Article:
A new Portland State University study shows that even though water quality has improved in South Korea's Han River basin since the 1990s, there are still higher-than-acceptable levels of pollutants in some of the more urbanized regions in and around the capital Seoul.
The study by Heejun Chang, a geography professor in PSU's College of Liberal Arts and Sciences, and Janardan Mainali, a Ph.D. student in geography, was published online in the Journal of Hydrology in June. It was supported by a grant from the National Science Foundation.
Sea-level rise will endanger valuable salt marshes across the United Kingdom by 2100 if greenhouse gas emissions continue unabated, according to an international study co-authored by a Rutgers University-New Brunswick professor.
Moreover, salt marshes in southern and eastern England face a high risk of loss by 2040, according to the study published in Nature Communications.
The study is the first to estimate salt-marsh vulnerability using the geological record of past losses in response to sea-level change.
MISSOULA - The corridors of land vital for many wildlife species in the face of climate change often are unprotected. Now, a recently published study from a University of Montana ecology professor and other researchers has tracked these shifting North American habitats.
ROCKVILLE, MARYLAND (JULY 11, 2018) --Aeras, a nonprofit organization dedicated to developing vaccines against tuberculosis (TB), today announced the publication of the full results from a Phase 2, randomized, controlled clinical trial of two TB vaccines-- the currently available BCG vaccine and an investigational vaccine, H4:IC31--in the New England Journal of Medicine (NEJM).
People who eat a healthy diet experience fewer asthma symptoms and better control of their condition, according to a new study published in the European Respiratory Journal .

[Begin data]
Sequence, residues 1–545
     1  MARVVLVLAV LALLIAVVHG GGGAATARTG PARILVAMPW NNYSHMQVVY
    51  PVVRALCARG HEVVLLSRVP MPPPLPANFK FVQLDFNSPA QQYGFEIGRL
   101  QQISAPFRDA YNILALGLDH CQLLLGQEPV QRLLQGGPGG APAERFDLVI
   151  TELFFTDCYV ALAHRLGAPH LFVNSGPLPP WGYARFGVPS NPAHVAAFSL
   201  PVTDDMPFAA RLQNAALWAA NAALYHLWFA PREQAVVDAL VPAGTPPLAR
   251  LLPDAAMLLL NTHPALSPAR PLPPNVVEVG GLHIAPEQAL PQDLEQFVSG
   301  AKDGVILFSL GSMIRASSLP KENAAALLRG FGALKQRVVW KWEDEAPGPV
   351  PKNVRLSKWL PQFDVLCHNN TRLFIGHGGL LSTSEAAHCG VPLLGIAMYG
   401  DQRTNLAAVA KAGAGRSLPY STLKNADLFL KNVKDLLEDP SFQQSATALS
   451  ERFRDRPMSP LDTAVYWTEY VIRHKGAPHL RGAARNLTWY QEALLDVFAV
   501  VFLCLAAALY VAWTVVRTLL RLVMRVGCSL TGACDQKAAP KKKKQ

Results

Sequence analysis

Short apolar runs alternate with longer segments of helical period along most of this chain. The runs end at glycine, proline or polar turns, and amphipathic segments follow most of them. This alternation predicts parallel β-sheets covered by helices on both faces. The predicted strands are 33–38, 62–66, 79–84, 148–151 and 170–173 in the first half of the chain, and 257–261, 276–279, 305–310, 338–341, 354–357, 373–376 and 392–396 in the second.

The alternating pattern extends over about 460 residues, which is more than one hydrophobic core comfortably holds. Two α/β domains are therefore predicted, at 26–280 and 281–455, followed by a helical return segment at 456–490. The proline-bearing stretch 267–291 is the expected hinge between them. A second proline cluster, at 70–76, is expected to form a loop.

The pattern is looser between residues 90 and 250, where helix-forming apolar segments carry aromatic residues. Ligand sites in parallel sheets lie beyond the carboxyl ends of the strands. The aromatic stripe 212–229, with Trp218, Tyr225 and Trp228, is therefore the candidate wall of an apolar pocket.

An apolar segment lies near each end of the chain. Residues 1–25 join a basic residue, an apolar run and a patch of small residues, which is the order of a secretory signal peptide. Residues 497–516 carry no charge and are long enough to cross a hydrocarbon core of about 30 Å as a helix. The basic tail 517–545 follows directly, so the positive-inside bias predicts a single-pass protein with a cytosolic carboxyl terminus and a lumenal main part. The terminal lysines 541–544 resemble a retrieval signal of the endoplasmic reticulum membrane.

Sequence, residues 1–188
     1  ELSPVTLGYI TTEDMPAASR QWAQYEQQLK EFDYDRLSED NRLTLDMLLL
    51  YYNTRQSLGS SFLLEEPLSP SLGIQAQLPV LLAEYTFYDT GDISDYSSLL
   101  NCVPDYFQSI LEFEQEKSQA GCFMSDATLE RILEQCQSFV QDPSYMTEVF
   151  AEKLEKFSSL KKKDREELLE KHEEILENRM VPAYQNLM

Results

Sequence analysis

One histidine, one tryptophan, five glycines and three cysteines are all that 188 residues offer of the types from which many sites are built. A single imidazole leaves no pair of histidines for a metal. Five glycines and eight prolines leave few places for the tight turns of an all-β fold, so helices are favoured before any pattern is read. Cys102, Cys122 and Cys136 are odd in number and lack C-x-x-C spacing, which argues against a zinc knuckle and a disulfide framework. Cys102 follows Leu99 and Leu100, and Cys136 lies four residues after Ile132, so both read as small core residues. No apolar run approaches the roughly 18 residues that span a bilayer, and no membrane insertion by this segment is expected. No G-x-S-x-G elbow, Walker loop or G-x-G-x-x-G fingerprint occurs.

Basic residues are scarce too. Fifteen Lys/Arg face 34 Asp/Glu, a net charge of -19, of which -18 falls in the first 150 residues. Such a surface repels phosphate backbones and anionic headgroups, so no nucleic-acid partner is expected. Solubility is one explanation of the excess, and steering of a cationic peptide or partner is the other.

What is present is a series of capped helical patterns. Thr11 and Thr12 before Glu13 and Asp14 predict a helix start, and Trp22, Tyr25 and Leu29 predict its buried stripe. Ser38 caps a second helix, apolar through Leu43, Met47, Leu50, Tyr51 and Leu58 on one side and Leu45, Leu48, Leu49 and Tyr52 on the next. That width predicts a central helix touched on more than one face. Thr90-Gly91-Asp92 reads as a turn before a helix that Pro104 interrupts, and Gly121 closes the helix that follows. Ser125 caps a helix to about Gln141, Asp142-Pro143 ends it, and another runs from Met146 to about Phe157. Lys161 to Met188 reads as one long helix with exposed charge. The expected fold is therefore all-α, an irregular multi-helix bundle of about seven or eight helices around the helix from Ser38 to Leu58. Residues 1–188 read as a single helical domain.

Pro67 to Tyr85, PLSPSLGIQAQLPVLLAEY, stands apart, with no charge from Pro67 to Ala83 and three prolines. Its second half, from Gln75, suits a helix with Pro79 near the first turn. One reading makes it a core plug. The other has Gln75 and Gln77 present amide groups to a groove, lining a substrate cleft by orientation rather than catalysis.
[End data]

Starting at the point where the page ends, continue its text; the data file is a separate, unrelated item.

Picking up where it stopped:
Diets with better asthma outcomes are characterised by being healthier, with greater consumption of fruits, vegetables and whole grain cereals. Unhealthy diets, with high consumption of meat, salt and sugar, have the poorest outcomes.
For more than 20 years, conservationists have been working to protect one of the most recognizable reef fish in the Caribbean, the endangered and iconic Nassau grouper, and thanks to those efforts, populations of this critical reef fish have stabilized in some areas. But in a new paper, published in the journal Diversity and Distributions, marine scientists said climate change might severely hinder those efforts by the end of this century.
Japan -- Scientists report that a large, extinct seabird called the spectacled cormorant, Phalacrocorax perspicillatus -- originally thought to be restricted to Bering Island, far to the north -- also resided in Japan nearly 120,000 years ago.
Writing in The Auk Ornithological Advances, the team indicates that the species under-went a drastic range contraction or shift, and that specimens found on Bering Island are 'relicts' -- remnants of a species that was once more widespread.
Understanding what environmental cues birds use to time their annual migrations and decide where to settle is crucial for predicting how they'll be affected by a shifting climate. A new study from The Auk: Ornithological Advances shows that for two species of flycatcher, one of the key factors is rain--the more precipitation an area receives, the more likely the birds are to be there during the non-breeding season.
A study published in The Condor: Ornithological Applications presents a case study on how bird surveys can better inform conservation and vegetation restoration efforts. Previous conservation methods have emphasized plants as the key to recreating habitat preferred by a sensitive animal. However, this study shows that there's more to the coastal sagebrush habitat of California Gnatcatchers than just having the right plants present.